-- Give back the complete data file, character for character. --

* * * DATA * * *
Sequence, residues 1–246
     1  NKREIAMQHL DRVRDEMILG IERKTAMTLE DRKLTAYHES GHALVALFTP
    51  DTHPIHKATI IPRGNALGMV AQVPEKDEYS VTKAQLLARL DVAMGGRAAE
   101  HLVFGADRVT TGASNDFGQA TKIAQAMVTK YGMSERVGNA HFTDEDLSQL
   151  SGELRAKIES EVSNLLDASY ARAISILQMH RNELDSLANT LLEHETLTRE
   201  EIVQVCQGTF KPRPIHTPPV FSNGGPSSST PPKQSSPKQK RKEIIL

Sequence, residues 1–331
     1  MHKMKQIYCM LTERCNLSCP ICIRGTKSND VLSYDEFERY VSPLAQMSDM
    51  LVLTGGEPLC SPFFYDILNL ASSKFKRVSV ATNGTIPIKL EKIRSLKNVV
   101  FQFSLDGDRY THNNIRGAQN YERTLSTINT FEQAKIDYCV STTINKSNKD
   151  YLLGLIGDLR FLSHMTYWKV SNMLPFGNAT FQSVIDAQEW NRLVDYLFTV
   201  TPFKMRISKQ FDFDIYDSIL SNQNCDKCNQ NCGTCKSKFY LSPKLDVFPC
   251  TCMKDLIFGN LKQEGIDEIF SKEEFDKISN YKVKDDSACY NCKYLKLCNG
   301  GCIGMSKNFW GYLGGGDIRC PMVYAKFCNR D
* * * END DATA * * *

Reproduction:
Sequence, residues 1–246
     1  NKREIAMQHL DRVRDEMILG IERKTAMTLE DRKLTAYHES GHALVALFTP
    51  DTHPIHKATI IPRGNALGMV AQVPEKDEYS VTKAQLLARL DVAMGGRAAE
   101  HLVFGADRVT TGASNDFGQA TKIAQAMVTK YGMSERVGNA HFTDEDLSQL
   151  SGELRAKIES EVSNLLDASY ARAISILQMH RNELDSLANT LLEHETLTRE
   201  EIVQVCQGTF KPRPIHTPPV FSNGGPSSST PPKQSSPKQK RKEIIL

Sequence, residues 1–331
     1  MHKMKQIYCM LTERCNLSCP ICIRGTKSND VLSYDEFERY VSPLAQMSDM
    51  LVLTGGEPLC SPFFYDILNL ASSKFKRVSV ATNGTIPIKL EKIRSLKNVV
   101  FQFSLDGDRY THNNIRGAQN YERTLSTINT FEQAKIDYCV STTINKSNKD
   151  YLLGLIGDLR FLSHMTYWKV SNMLPFGNAT FQSVIDAQEW NRLVDYLFTV
   201  TPFKMRISKQ FDFDIYDSIL SNQNCDKCNQ NCGTCKSKFY LSPKLDVFPC
   251  TCMKDLIFGN LKQEGIDEIF SKEEFDKISN YKVKDDSACY NCKYLKLCNG
   301  GCIGMSKNFW GYLGGGDIRC PMVYAKFCNR D